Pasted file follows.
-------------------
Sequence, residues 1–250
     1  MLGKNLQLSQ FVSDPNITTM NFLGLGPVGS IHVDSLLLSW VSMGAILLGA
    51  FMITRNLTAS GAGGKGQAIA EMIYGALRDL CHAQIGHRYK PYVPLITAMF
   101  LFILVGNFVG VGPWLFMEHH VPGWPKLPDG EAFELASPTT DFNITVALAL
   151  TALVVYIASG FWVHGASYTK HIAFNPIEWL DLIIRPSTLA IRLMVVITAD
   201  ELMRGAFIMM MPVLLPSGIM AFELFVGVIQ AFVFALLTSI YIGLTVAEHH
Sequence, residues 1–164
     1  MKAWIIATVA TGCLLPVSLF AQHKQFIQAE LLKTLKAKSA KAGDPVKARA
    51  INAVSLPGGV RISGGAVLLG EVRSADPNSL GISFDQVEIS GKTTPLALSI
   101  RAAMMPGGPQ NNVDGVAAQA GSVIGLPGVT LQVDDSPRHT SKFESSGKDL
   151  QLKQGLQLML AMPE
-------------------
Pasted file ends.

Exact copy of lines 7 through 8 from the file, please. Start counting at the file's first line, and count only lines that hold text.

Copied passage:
Sequence, residues 1–164
     1  MKAWIIATVA TGCLLPVSLF AQHKQFIQAE LLKTLKAKSA KAGDPVKARA